I once saw Joel Garreau give a talk in which he promised (promised!) that brick-and-mortar stores would soon be gone (gone!) because everybody (everybody!) would be doing all their shopping online. Big boxes, especially, were dinosaurs (dinosaurs!), he claimed. And one of the major challenges facing urbanists would be what to do with the empty shell of the discarded consumer landscape after all of the consumers had moved to Internet. Garreau told his rapt audience that this process of creative destruction would take less than a decade.*
That was eleven years ago. And Davis’s gigantic new Target, a palace to hyper-modern consumer culture, is slated to open in less than a month.
Which is a roundabout way of saying that I’ve long had doubts about the idea that online education will spell the death of brick-and-mortar colleges and universities. But this article, coupled with the University of California’s decision to try to raise fees by A LOT over the next two years, gives me pause. My sense is that the children of relatively well-off parents will continue to go to traditional colleges and universities for the foreseeable future: to learn, for credentials, to network, for finishing school, etc. What I don’t know, though, is what will happen when some significant chunk of non-traditional students, coupled with the children of not-especially-affluent families, decide that higher education for $99/month sounds pretty darned good. What will that do to the revenue stream that colleges and universities now rely upon for survival? What will it do to the economies of scale that currently make higher education viable? And what will the ripple effects be? I guess I could give Joel Garreau a call and ask him what he thinks.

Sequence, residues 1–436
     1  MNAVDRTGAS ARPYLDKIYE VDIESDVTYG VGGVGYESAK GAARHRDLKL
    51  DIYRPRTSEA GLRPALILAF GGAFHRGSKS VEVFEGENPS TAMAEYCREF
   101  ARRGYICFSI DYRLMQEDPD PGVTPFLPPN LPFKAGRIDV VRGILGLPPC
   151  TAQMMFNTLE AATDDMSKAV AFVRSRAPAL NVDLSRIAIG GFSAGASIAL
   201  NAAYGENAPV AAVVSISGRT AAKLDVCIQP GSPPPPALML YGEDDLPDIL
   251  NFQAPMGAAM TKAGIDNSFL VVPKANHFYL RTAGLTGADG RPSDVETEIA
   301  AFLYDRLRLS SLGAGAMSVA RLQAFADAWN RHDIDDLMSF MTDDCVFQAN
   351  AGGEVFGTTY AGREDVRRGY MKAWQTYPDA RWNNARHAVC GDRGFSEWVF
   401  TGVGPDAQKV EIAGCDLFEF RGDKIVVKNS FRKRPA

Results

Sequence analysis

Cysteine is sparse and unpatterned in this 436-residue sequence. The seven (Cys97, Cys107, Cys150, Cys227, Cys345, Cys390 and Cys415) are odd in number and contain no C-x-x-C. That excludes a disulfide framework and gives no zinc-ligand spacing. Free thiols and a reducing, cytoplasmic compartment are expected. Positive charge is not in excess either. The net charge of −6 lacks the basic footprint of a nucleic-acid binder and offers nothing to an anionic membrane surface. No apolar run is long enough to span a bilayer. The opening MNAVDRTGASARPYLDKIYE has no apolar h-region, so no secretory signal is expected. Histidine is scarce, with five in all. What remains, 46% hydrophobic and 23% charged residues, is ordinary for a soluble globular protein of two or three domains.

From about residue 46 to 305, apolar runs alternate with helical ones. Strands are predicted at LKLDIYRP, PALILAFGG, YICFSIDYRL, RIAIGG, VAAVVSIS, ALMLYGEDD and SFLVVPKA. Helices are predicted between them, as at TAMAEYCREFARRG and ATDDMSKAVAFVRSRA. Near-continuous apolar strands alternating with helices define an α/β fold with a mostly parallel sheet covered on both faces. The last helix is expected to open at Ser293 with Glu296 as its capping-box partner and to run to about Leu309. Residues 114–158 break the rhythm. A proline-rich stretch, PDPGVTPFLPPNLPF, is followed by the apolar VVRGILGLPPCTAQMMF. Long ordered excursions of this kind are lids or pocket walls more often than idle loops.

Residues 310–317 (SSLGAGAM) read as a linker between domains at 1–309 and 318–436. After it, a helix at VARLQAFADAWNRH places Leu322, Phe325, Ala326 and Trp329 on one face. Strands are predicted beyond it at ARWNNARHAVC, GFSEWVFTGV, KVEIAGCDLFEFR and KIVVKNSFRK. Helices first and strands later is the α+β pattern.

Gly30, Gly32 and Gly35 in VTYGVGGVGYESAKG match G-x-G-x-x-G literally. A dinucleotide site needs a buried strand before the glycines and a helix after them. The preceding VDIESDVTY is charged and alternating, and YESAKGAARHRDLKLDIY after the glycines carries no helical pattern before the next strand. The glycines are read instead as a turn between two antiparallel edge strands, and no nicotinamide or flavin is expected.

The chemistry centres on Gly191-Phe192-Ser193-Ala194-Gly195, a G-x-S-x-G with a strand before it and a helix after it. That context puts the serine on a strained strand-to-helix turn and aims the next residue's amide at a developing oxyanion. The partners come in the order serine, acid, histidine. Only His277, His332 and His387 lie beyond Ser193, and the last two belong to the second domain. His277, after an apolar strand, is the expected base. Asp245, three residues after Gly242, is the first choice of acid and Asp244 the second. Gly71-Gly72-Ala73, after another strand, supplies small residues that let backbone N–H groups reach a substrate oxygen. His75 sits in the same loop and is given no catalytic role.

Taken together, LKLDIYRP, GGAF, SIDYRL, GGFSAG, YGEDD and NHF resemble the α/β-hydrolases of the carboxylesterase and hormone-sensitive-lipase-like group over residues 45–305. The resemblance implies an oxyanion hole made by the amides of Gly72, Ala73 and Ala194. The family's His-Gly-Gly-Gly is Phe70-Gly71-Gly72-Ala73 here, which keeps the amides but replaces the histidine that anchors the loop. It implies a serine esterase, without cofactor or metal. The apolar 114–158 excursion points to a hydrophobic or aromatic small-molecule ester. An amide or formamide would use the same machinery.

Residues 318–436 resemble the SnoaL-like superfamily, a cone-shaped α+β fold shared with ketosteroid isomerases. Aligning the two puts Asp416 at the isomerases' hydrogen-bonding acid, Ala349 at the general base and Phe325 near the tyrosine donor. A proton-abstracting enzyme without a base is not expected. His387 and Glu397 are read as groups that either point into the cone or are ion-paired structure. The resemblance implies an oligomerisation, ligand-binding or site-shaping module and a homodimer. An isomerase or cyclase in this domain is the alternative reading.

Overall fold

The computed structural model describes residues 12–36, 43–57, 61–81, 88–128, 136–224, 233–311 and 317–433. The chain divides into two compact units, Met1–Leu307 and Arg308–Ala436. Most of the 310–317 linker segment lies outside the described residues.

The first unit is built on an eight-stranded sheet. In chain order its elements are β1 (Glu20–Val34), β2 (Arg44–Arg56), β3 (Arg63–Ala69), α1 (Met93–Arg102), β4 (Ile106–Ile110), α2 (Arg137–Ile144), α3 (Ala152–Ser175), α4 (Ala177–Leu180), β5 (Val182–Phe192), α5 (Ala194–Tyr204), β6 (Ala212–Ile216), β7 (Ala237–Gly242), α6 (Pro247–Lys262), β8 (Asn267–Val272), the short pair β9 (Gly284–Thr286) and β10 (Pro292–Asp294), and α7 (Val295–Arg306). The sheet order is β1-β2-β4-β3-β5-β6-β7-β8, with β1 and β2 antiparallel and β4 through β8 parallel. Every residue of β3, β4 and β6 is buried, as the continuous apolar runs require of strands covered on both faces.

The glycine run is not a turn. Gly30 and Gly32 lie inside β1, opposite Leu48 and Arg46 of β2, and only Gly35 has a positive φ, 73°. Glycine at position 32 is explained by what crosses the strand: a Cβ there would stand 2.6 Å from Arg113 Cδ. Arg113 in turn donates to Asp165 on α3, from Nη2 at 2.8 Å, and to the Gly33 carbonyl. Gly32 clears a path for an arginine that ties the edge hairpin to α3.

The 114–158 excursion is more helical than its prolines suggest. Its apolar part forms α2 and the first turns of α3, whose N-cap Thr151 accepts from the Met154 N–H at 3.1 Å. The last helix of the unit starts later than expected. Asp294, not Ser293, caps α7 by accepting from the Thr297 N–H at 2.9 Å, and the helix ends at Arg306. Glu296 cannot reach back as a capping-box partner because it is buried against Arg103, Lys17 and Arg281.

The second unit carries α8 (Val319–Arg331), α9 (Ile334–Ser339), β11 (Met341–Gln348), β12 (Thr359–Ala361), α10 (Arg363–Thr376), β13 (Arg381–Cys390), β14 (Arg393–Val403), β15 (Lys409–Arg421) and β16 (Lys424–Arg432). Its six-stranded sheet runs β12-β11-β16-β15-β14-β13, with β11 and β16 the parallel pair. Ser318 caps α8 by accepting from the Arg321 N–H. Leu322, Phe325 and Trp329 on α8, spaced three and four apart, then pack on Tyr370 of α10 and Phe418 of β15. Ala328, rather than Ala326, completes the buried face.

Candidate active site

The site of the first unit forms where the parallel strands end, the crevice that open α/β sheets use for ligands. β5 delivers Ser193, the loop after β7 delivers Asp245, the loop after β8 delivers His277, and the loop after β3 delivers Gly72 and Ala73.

* Word to the wise: elements of this paragraph may be slightly exaggerated for effect. But only slightly. The talk, by the way, happened at a conference on cultural landscape studies held at the University of New Mexico in 1998. As part of that conference, I got to tour J.B. Jackson‘s house, which was cool.